Often we find that two seemingly different surfaces are actually (at least in some topological sense) equivalent. This section provides animations of some of the more complicated transformations from one form of a surface to another.
Below each animation is a description of the moves used to transform one projection of the surface to the other. (This section relies somewhat upon the Roseman Homma-Nagase moves. If you are unfamiliar with these moves, you should read The Basics.)
For each of the transformations, we rendered the animation with two different textures. Generally, the wood texture is the more stable of the two (the striped texture sometimes moves in an unexpected manner), but for some transformations, the striped texture may be clearer.
Moebius Strip to Cross Cap with a Disk Removed
As mentioned in the Construction section, we can stretch the moebius strip around to make it resemble the cross cap with a single circular disk removed. In this animation, we place the edge of this disk in the plane where the cross cap would normally intersect itself.
We begin by rounding the top of the moebius strip downward, and then round it out a bit more by pulling the bottom corners upward. Then we simply constrict the edge until it all lies in one plane.
Other Klein Bottle Representations
The Klein Bottle can be immersed in 3 space in a number of ways. The following animation shows three of these (and how the surface transforms from one to another). The standard klein bottle is shown first, followed by a more symmetric version, and finally the "pinched torus" klein bottle.
This animation begins by taking the "handle" of the klein bottle and pulling it upward. For the first half second or so, this is simply stretching the surface. At about the 0.5 second mark though, we are forced to perform a type V move to "untwist" the surface at the klein bottle's "mouth".
The following half second is then just a simple deformation to the symmetric form (which is complete at the 2 second mark). It's useful to note that in this form, the klein bottle has two pinch points and a double curve that resembles a parabola where the surface intersects itself. To transform the surface to the pinched klein bottle, we simply straighten this curve to a line.
Klein Bottle to Cross Caps
The Klein Bottle is known to be equivalent to the connected sum of two cross caps. The following animation shows this transformation. It might be helpful to watch the "Other Klein Bottle Representations" animations first, as the "pinched torus" klein bottle is one of the intermediate steps in this transformation.
The first three seconds are an abbreviation of the previous "Other Klein Bottle Representations" animation.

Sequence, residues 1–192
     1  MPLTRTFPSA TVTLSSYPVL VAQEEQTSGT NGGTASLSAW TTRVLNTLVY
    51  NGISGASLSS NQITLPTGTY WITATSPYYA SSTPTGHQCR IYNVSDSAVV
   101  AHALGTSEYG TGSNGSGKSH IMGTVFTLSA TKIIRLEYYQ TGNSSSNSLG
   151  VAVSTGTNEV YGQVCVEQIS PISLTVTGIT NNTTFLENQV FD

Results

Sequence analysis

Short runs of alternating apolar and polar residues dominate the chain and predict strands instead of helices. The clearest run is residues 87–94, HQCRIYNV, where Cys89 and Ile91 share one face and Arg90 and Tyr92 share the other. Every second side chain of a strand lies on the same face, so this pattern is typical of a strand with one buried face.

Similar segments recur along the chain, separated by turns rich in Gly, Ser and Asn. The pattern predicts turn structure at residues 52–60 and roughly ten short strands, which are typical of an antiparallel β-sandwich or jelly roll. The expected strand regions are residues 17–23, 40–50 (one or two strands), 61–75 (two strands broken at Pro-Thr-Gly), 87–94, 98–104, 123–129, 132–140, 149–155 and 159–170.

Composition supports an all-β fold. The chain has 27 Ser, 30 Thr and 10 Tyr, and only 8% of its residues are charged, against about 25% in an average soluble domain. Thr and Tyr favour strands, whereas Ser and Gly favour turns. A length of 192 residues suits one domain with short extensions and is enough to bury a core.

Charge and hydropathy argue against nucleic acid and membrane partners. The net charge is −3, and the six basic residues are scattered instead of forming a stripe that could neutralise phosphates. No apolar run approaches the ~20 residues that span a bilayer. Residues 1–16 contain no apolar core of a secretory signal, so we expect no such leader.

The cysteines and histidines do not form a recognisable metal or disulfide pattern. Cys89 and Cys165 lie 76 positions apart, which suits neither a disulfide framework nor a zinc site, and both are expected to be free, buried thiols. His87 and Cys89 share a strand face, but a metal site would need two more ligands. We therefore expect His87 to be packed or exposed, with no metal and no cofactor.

The next step is to turn the pinched torus "inside out". You might visualize this by imagining that we made a cut on the back side of the pinched torus, turned it inside out through this cut, and then reglued. (As cutting isn't technically allowed, we actually do this by pushing the surface that was the back of the pinched torus all the way through to the front side.) This inversion process takes 4 seconds (from the 3 second mark to the 7 second mark).
Taking two seconds to flatten out the newly inverted surface, we see what looks like an ellipsoid with a pinch through the middle. In the final two seconds (from 9 to 11) we produce the two joined cross caps by performing a Type IV move on the right hand half of the ellipsoid. (That is, on the right hand half, we pass the upper surface downward through the lower surface.)
Half Klein Bottle to Moebius Strip
As a moebius strip is equivalent to a cross cap with a disk removed (and the connected sum of two cross caps forms the klein bottle), it should be unsurprising that two moebius strips, joined along their edges, form the klein bottle as well.
We show half of the standard klein bottle (cut laterally) initially. Examine the first frame of the animation closely to be sure to convince yourself that this is truely half of a klein bottle. The animation then simply stretches part of the surface upwards until it no longer intersects itself.
Torus with Cross Cap to Klein Bottle with Cross Cap
Unfortunately, the limitations of our software prevented us from animating this transformation. An abbreviated sketch of the process is shown below.
The first picture is a klein bottle connected-summed with a cross cap (1). Using a transformation similar to the one above, we change this to a pinched torus klein bottle (2). Stretching out the surface a bit, we can round it into a more torus-like shape (3). We then perform a Type V move along the line formed by the two double curves (horizontally through the middle of the "torus" in picture 3). This "undoes" the pinch on the left and the half-pinch on the right, but also adds a half-pinch on the right (4). (For a demonstration of a similar move, see the last three seconds of Klein Bottle to Cross Caps.) Stretching the surface a bit, we bring the remaining half-pinch to the outside (5). Finally, we stretch the surface back out into the familiar form of a torus connected-summed with a crosscap (6).